LaRocca: The floor plan rotates as you go up, which is why you get that feeling that creates these cantilevered blocks in a few directions. As you go up you see the building change every five feet.

UB today: Is there an exterior feature, something about the exterior of the building, that excites you the most?

Rock : We love the exterior, the mirror is what really affects the overall reception of the building. There are certain times of the day, when it’s bright blue skies, where it looks like the building is almost hovering over there. Looking up from the street, you look at the reflection of the terraces. It really served its purpose beyond what we had anticipated.

Throughout the construction of the Center for Computing & Data Sciences, architects and planners from KPMB Architects were on site, adhering to the project schedule.

UB today: What about inside?

LaRocca: It’s difficult for Paulo. He likes it all too much.

Rock : We have always designed the building to be porous and open to the BU campus. The students have no idea what is going on inside the other buildings. We wanted to turn things around so people get an idea of ​​what’s going on inside. The collaborative spaces are all projected onto the street. We put a lot of emphasis on collaborative spaces, where people interact. Corners are also open to all, no corner offices. The corners are collaborative spaces. And if there are terraces in the corners, that’s where you access the terrace.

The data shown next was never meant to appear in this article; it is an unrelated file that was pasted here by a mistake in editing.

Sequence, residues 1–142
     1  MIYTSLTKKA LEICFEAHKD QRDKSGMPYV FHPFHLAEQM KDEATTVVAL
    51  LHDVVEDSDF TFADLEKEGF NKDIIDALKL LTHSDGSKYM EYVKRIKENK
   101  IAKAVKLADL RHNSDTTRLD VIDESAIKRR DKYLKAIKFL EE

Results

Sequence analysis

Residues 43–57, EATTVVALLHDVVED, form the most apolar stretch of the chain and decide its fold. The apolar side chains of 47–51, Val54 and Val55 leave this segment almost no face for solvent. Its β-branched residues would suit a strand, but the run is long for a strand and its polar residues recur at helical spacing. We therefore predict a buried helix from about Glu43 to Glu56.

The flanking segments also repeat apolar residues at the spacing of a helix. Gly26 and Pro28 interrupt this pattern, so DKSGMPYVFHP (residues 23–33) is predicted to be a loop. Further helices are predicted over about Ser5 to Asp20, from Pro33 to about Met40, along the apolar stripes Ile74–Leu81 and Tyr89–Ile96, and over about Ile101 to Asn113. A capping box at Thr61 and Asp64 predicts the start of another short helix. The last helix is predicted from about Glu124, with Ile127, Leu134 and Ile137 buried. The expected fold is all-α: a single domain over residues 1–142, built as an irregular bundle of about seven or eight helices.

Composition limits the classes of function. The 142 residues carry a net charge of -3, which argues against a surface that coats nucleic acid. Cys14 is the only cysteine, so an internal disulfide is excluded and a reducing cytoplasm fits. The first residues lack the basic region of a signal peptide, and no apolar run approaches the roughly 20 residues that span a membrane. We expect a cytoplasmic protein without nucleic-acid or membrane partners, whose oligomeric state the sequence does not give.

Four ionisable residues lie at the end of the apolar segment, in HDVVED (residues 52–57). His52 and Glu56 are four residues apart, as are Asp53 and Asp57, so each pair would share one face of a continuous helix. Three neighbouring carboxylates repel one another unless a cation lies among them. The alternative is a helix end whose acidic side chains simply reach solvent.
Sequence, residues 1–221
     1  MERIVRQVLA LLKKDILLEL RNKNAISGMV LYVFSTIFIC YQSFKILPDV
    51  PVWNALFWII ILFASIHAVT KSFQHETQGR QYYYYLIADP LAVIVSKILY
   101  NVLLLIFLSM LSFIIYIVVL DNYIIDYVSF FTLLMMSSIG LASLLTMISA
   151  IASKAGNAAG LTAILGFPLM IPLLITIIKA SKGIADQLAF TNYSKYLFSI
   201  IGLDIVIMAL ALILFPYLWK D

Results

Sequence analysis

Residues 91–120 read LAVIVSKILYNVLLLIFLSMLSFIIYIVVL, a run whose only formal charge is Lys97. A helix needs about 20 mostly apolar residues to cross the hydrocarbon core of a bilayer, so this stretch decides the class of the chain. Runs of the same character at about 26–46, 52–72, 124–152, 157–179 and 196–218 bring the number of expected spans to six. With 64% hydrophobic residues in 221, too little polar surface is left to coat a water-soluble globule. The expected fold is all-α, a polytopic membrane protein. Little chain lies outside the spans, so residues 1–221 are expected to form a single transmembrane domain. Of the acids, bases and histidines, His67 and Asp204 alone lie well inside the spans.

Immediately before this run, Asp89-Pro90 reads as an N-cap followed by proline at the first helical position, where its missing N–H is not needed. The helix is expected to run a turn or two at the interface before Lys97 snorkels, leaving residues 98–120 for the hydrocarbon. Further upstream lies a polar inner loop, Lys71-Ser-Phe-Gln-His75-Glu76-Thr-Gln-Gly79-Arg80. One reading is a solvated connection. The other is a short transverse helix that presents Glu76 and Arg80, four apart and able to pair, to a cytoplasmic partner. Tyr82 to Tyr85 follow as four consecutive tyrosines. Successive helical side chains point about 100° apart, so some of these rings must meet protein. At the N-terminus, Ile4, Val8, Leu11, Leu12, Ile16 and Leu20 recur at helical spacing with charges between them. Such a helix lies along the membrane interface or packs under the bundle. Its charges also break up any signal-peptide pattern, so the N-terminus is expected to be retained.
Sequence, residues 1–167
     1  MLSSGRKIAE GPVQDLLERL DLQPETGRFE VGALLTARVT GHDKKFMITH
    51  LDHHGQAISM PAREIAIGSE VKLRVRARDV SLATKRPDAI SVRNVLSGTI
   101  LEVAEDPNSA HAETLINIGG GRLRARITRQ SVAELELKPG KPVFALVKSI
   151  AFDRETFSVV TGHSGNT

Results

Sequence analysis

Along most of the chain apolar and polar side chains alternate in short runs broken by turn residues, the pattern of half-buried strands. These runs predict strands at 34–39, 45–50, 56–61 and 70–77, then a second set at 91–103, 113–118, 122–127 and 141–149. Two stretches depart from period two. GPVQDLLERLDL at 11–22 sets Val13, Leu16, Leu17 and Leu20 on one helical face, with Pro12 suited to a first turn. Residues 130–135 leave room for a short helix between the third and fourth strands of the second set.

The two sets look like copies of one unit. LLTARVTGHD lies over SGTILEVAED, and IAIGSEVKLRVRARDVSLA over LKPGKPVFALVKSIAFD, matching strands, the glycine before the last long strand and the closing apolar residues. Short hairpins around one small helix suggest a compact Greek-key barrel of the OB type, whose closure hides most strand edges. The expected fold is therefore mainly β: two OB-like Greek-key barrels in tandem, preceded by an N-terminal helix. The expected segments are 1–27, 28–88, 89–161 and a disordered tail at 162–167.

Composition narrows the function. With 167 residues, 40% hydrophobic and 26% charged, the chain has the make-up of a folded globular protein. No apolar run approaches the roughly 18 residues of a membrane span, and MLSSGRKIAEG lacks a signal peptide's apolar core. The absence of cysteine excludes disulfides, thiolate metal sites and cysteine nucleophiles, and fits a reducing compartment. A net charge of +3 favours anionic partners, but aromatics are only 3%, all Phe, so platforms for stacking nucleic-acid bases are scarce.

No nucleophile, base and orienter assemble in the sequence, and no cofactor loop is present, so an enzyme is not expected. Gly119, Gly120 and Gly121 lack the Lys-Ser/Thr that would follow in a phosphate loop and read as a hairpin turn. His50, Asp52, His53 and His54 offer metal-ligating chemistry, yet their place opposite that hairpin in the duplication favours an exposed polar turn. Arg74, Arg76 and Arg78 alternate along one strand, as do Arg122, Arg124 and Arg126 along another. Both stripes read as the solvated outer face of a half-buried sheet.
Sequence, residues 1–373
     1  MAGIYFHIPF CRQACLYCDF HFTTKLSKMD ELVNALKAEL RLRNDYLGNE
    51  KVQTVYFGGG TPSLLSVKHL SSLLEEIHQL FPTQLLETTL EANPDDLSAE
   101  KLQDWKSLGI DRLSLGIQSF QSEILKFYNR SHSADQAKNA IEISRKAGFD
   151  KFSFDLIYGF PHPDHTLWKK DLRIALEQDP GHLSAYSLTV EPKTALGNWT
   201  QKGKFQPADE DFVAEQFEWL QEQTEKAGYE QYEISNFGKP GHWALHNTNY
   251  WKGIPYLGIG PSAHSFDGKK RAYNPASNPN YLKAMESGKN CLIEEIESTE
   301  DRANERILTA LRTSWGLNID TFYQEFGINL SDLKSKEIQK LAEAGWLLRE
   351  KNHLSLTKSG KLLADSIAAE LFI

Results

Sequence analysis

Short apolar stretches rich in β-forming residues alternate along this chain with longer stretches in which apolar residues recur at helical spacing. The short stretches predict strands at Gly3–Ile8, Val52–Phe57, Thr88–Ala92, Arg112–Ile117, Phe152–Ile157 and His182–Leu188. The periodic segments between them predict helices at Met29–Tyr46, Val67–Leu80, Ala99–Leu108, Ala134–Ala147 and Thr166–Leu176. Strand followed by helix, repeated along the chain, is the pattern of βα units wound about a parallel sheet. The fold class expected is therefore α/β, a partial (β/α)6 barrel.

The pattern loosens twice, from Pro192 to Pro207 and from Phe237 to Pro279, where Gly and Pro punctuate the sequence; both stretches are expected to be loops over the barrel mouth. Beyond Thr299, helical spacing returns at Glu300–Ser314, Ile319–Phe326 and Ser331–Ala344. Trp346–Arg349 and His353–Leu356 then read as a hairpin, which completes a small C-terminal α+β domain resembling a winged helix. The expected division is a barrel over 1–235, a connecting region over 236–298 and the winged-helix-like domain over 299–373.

UB today: Can you talk about the massively wide staircase to the first floor?

Rock : It was a movement that was really about circulation, movement. It was a question of arriving from the east and going up to the second floor. We think of it as a way to express this open collaboration. There are terraces on the staircase, every third step is a platform. It is a destination. It will be a place where we think a lot of people will sit. Each terrace is an area where you can meet up with your peers. The intent is that it can be used as a path to travel from floor to floor, but you’re more likely to use the butterfly stairs if that’s all you want. It’s faster. These are more stairs than collaborative spaces.

UB today: Did constructing an emission-free building present any unique challenges?

LaRocca: We knew we could do it; it was not difficult. We had already done that. This is a true testimony of Dennis Carlberg [BU’s associate vice president for sustainability] not just to advocate, but to find the business case to give the University the opportunity to do so. It is truly remarkable. Every university has sustainability goals, but BU is really up there.

UB today: After all this time, are you finally ready for the public to start using this building?

Rock : We’re really excited to see this building full of students, to see how it’s going to be used. We think it will succeed.

UB today: The views from up there are amazing.

LaRocca: It’s quite breathtaking, I must say, when you’re there.

Rock : Because you are a bit away from the Charles River, your perception of the river changes. You feel like you are really by the river and right in the center of town. It is truly spectacular and only adds to the life of the building. For those students and faculty who will be using the building, it will be an amazing place to come to work and hang out.